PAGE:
Democracy and World Relations

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World book Company, 1918 - Democracy - 158 pages
 

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Page 3 - We have no selfish ends to serve. We desire no conquest, no dominion. We seek no indemnities for ourselves, no material compensation for the sacrifices we shall freely make. We are but one of the champions of the rights of mankind. We shall be satisfied when those rights have been made as secure as the faith and the freedom of nations can make them.
Page 80 - It is impossible that the allied powers should extend their political system to any portion of either continent without endangering our peace and happiness; nor can anyone believe that our southern brethren, if left to themselves, would adopt it of their own accord. It is equally impossible, therefore, that we should behold such interposition in any form with indifference.
Page 4 - Second, that peoples and provinces are not to be bartered about from sovereignty to sovereignty as if they were mere chattels and pawns in a game...
Page 5 - Every territorial settlement involved in this war must be made in the interest and for the benefit of the populations concerned, and not as a part of any mere adjustment or compromise of claims amongst rival states.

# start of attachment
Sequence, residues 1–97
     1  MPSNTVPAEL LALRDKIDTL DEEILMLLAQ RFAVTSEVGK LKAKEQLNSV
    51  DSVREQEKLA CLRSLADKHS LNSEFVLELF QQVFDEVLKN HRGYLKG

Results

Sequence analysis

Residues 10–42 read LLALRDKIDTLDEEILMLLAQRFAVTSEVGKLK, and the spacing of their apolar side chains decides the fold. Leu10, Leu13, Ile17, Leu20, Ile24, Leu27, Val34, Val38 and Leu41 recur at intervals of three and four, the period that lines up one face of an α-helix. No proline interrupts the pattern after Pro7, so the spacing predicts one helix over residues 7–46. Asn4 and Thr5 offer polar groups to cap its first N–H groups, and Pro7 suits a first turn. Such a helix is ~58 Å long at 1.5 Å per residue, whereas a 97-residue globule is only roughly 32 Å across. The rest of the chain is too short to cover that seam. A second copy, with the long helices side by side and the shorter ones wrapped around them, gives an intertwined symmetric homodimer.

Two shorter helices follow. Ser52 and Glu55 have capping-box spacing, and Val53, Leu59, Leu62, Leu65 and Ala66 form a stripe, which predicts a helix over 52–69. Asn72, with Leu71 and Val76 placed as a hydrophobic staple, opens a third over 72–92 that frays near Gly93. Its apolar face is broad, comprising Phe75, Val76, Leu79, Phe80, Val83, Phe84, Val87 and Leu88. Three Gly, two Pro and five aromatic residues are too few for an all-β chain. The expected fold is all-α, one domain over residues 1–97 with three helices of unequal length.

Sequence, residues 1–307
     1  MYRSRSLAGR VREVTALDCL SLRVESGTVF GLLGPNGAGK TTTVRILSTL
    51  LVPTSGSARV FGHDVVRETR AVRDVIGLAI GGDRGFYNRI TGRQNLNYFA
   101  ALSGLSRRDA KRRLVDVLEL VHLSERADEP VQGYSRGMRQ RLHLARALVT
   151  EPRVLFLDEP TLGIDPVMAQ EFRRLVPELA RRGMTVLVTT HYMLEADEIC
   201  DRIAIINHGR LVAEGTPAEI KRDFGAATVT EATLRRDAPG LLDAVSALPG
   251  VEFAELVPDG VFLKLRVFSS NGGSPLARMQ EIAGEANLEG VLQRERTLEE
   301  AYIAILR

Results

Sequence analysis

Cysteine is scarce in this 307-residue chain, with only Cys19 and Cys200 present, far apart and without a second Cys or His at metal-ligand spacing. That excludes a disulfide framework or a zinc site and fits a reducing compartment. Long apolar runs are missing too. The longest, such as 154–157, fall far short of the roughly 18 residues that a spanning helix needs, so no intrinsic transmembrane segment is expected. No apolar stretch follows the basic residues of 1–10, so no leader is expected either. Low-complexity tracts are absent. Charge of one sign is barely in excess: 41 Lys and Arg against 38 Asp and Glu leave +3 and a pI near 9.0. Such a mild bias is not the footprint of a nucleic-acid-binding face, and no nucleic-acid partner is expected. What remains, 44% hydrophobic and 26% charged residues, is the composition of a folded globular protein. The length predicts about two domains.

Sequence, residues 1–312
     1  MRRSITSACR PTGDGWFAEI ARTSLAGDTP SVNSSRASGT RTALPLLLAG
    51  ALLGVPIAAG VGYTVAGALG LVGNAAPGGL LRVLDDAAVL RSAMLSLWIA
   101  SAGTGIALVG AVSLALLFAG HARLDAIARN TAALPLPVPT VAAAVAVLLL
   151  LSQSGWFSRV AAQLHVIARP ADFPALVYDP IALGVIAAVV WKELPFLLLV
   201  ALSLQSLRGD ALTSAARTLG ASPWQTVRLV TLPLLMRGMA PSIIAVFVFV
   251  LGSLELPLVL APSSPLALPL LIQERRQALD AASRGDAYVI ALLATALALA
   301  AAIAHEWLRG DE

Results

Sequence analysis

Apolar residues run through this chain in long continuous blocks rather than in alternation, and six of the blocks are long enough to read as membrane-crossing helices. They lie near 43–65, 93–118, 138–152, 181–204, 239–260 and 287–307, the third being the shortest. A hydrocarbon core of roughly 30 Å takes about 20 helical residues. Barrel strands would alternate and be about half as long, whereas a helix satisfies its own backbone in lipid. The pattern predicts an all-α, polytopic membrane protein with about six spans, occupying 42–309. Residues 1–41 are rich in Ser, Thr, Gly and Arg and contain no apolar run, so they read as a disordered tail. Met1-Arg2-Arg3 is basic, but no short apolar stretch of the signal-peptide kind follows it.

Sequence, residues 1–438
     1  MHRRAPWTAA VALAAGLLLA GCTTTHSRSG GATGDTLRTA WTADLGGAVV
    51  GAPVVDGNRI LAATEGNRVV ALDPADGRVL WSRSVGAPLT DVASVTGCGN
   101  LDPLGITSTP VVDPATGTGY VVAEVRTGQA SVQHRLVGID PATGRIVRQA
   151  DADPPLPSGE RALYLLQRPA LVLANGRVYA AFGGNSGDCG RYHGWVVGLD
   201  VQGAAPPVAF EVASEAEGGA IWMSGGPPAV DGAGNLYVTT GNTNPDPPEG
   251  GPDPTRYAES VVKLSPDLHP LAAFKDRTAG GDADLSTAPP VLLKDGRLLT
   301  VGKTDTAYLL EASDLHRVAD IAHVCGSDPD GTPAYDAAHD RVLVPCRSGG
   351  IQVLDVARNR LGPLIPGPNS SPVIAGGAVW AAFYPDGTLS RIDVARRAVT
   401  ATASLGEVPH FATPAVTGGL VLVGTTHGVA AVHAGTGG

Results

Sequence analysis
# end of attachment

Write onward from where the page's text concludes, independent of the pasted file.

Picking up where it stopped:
Page 5 - Fourth, that all well-defined national aspirations shall be accorded the utmost satisfaction that can be accorded them without introducing new or perpetuating old elements of discord and antagonism that would be likely in time to break the peace of Europe and consequently of the world.
Page 80 - To-day the United States is practically sovereign on this continent, and its fiat is law upon the subjects to which it confines its interposition.
Page 83 - Great Britain is the nation which can do us the most harm of any one, or all on earth; and with her on our side we need not fear the whole world.
Page 82 - As .it cannot be doubted that the liberty of the press is the most powerful means used by the pretended supporters of the rights of nations, to the detriment of those of princes, the high contracting parties promise reciprocally to adopt all proper measures to suppress it, not only in their own states, but. also, in the rest of Europe.
Page 80 - In the discussions to which this interest has given rise, and in the arrangements by which they may terminate, the occasion has been deemed proper for asserting, as a principle in which the rights and interests of the United States are involved, that the American continents, by the free and independent condition which they have assumed and maintained, are henceforth not to be considered as subjects for future colonization by any European power.
Page 5 - That all well-defined national aspirations shall be accorded the utmost satisfaction that can be accorded them without introducing new or perpetuating old elements of discord and antagonism that would be likely in time to break j:he peace of Europe, and, consequently, of the world.

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